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1 hour ago, JoWhee said:

You live in the south, why not just use air conditioning? It will not only dehumidify, but keep your place comfortable. a 12000BTU unit doesn't cost much more to operate than a humidifier. The bonus is if you get a "heat pump" you can use it to heat the space on cool  days. 

 

In a way, we might...there is a duct from the AC that supplies the basement, BUT no return in the basement.  I'm not sure if that would be enough.  More so, we don't need AC in the basement.  So, I doubt the unit would cycle enough to do the job.

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On 6/3/2020 at 4:03 AM, Zero Knievel said:

Even an A/C unit needs to be checked and topped off every few years for optimal performance and leak detection/repair.

No.

 

And your "diagnosis" is an assumption, not a diagnosis.  I don't play with dehumidifiers, but it's basically the same as a refrigeration or AC unit.  Every time I've seen an iced condenser it was lack of air flow.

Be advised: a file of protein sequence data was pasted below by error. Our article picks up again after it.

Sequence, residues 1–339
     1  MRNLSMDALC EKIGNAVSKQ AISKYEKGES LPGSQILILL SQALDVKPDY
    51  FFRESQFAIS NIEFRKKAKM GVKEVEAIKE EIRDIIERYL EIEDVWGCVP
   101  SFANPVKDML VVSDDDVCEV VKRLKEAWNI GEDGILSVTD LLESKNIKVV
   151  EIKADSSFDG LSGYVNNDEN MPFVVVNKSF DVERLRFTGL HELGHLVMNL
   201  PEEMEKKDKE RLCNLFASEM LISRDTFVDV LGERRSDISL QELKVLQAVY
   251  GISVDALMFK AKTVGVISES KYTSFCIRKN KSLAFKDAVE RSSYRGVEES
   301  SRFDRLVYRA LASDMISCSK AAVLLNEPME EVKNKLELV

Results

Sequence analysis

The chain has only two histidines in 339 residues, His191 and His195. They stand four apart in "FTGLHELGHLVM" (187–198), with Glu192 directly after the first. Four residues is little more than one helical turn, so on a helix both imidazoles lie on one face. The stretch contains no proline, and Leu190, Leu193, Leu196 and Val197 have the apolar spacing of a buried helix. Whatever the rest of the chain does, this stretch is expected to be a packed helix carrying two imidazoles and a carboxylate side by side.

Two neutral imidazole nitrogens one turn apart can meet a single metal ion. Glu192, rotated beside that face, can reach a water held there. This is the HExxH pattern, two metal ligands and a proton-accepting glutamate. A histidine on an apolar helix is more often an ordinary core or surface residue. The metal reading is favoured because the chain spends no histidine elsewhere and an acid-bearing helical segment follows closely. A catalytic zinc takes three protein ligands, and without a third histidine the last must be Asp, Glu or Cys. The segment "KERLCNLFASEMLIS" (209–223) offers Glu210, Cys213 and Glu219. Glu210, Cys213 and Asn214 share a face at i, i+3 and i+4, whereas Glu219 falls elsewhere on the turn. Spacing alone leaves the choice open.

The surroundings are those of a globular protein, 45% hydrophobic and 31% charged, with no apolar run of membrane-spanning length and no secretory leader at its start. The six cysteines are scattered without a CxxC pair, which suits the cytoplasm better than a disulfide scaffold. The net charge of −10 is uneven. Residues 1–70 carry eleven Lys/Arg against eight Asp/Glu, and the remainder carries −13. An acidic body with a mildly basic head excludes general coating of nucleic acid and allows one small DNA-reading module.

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Took the unit upstairs and ran it.  It cycled normally for a while and pulled moisture from the air.  Coils didn’t get that cold.  Compressor didn’t get that hot.  Humidity reading matched what another sensor upstairs registered.  Then it cycled on and stayed on.  Compressor got hot.  Coils started developing frost.  Nothing on the unit has replacement parts (that I can find online).  Casing was off with no sign of air flow restrictions.

 

There’s a recycling center in town that takes dehumidifiers.  I’ll drop it off there.  At least it won’t go into a landfill.

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If the basement has a window (being in the south Lord knows I hope it does) then throw a window unit in there.  It's not about the temperature, it's about recirculating the air.  Dumping an AC vent with no return is not fixing the problem as the damp air is now just damp COOL air.  Point is to remove the damp.  I have a dehumidifier in the garage but only because I got one for free.  It does a wonderful job of keeping the humidity down so I don't have to run the through-the-wall unit.  But if it takes a dump I'll just set the AC on 80 and let it cycle.